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Embattled SFMTA Chief Ed Reiskin Stepping Down Following Chronic Muni Breakdowns

SAN FRANCISCO (CBS SF) -- Amid a rising tide of discontent over the state of San Francisco's public transportation system, transit director Ed Reiskin announced Monday he will be stepping down from his position in August.

In a letter to his staff, Reiskin said he would be leaving the San Francisco Municipal Transportation Agency when his contract runs out in August.

"The employment agreement I have with the SFMTA Board of Directors ends in August and it's become clear that this is the right time for a change," he wrote.

"I will continue to give my heart and soul to this job up to my last day," he added.

"Clearly it is time to make a significant change, that's what we're proposing," Mayor London Breed said at a press conference Monday. She put Reiskin on notice in August of 2018; Monday she announced the city will conduct a national search for a new leader of the SFMTA.

"I think it's important that we do a comprehensive search that we seek the best and brightest," she added as the city continues to grow, "we need to simultaneously invest in public transit invest in infrastructure invest in the future of San Francisco."

Breed echoed the sentiment that the agency is underfunded, when asked about providing additional funding she said  "the city is always giving Muni more money there's a need for more drivers a need for more trains."

SFMTA's annual budget is $1.2 billion, its expected to go up to $1.3 billion in 2020. Reiskin's salary was reported at $406,000 in 2017. Operators start out at $22/hour.

Supervisor Ahsha Safai says the agency is too top heavy and is in need of more transparency.

"People are frustrated, they want to see change they're demanding it. It's incumbent upon us to make that change," Safai said.

Criticism of the city's transit system escalated last week when an overhead wire splice -- the connection point for transmitting electricity to power the San Francisco Municipal Railway's light rail vehicles -- was torn down by a train traveling outbound from Powell to Civic Center station. The broken wire became tangled in the top of the second car of a two-car Breda train, damaged components on the top of the train, and shattered windows.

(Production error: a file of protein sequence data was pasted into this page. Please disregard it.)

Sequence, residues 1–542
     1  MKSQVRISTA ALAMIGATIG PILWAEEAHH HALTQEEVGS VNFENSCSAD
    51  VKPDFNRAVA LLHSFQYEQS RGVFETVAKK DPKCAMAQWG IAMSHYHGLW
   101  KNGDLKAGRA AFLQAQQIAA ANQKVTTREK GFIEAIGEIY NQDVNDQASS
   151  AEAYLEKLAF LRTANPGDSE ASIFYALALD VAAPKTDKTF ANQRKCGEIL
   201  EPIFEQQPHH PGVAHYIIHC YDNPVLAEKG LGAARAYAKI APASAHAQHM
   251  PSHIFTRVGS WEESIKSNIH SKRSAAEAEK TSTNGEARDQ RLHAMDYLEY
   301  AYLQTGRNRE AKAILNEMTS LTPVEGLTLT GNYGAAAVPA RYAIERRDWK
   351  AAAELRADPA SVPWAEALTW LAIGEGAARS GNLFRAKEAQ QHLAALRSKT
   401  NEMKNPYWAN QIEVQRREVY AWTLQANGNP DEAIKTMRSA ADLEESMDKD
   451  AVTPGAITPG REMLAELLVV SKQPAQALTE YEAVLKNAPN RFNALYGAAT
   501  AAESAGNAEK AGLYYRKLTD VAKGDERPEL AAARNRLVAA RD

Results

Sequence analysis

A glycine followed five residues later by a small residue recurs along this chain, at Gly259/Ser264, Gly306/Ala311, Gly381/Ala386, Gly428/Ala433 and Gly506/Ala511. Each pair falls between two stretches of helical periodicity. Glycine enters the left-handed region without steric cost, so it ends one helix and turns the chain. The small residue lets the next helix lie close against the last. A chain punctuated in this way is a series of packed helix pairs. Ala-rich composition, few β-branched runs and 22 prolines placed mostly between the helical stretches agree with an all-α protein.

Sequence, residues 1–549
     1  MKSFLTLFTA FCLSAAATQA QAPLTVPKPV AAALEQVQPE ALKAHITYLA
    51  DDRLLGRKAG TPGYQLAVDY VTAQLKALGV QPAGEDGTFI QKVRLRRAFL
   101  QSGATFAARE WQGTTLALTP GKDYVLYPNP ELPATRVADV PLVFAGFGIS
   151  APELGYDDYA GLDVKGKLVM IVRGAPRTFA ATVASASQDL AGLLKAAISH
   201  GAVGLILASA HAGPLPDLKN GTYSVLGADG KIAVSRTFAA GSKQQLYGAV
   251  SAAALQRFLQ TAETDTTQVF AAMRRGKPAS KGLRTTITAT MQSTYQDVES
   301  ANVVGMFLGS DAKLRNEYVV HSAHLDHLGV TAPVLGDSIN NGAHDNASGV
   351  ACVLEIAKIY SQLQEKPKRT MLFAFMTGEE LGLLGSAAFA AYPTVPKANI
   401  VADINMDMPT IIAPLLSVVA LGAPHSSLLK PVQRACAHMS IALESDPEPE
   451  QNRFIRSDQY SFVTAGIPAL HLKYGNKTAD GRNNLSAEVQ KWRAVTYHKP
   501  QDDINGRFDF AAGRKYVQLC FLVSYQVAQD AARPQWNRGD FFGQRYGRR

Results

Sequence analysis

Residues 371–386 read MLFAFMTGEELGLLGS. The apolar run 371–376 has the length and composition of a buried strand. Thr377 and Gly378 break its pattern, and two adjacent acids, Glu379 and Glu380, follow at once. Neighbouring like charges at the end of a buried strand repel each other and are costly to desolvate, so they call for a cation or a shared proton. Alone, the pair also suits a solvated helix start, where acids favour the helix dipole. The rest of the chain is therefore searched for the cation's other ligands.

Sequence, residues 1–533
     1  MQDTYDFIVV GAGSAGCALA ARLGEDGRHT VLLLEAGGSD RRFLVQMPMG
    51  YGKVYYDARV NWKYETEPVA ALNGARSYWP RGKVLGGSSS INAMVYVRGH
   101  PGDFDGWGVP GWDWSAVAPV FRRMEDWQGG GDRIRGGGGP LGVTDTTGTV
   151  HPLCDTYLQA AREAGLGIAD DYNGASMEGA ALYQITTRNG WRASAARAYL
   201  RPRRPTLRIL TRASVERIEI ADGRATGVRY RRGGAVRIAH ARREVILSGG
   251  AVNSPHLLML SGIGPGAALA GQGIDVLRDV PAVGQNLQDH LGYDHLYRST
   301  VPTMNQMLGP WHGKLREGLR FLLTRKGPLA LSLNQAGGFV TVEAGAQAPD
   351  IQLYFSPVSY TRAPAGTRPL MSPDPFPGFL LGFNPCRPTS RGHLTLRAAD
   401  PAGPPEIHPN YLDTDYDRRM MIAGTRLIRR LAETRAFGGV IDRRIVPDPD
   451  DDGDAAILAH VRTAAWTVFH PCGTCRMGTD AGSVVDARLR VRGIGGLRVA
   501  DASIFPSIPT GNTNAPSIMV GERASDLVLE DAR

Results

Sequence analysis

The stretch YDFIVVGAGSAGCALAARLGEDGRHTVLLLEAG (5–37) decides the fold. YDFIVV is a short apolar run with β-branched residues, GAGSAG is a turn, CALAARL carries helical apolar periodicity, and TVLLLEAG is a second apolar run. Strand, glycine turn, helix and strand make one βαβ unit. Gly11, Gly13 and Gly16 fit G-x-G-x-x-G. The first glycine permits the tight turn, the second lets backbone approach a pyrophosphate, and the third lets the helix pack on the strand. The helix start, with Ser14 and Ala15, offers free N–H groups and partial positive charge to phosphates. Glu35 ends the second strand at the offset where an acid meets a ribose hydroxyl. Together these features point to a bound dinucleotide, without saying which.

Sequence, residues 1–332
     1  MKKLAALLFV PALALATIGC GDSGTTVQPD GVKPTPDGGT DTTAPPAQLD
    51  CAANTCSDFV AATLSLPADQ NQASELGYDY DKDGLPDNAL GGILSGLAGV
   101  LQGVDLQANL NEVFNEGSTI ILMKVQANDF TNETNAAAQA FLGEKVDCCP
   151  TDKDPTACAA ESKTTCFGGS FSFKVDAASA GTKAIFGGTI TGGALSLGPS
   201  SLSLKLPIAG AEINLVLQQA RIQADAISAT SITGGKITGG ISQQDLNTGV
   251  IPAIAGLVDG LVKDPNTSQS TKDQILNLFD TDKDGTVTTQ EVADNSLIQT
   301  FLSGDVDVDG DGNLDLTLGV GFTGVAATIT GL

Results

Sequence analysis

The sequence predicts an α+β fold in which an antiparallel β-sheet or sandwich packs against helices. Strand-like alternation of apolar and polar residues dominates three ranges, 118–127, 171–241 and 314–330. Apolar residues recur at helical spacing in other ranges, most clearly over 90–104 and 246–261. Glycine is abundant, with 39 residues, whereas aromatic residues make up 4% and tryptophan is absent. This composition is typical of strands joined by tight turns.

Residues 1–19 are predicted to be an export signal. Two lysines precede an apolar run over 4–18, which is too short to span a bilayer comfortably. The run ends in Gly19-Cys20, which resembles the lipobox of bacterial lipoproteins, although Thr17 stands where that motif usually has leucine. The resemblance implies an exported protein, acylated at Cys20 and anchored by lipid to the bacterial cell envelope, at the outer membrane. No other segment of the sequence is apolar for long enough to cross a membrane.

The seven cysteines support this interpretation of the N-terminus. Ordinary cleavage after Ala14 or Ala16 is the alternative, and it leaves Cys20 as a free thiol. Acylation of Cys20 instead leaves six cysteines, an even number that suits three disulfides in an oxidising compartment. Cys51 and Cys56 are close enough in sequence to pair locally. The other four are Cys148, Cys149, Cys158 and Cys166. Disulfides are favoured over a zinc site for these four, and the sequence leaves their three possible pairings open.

The overhead infrastructure damage was more extensive than expected and Muni Metro subway service in downtown San Francisco was disrupted for much of the day.

Supervisor Aaron Peskin told KPIX 5 Saturday he has spoken to several other supervisors about changing SFMTA in such a way that it is more responsive to the public.

"Things happen when you have a complex system, things do break down," Peskin said. "But it seems that the cascading number of events and the way they've handled it with the media and with public officials, has left a lot lacking."

It wasn't just the long delays on Friday that prompted the discussion. Earlier in the week it was the doors on the new trains after a woman got her hand caught in one, dragging her down below the platform. Incredibly, she survived.

Then, there was the shear pin situation; the pins which are supposed to connect two train cars together. At least two of the pins have broken off, prompting officials to stop doubling up new train cars altogether.

On top of all that, a whistleblower told KPIX 5 that he was pressured to pass people who are unqualified to operate on the railways. He says it's putting public safety at risk.

In a blog post, SFMTA blamed "decades of underinvestment" for chronic infrastructure failures.

In a Tweet on Friday, Mayor Breed said, "Yes, we need to invest in Muni and our system. Yes, we need to expand and improve our fleet. But what happened today and this week is unacceptable."

"This is not a funding problem," Peskin countered. "It's, frankly, a leadership problem.

Union President Roger Marenco said the same thing Monday, "There's plenty of money out there it's just being mismanaged," he said.

He says Reiskin stepping down won't solve Muni's problems, "We're still going to have safety problems pertaining to LRV 4s, we're still going to have drivers being assaulted, late service, we'll still have a shortage of operators that's not going to fix anything," Marenco said.

Breed says she'll be looking for a visionary with experience in a major metropolitan area.


Susie Steimle contributed to this report.

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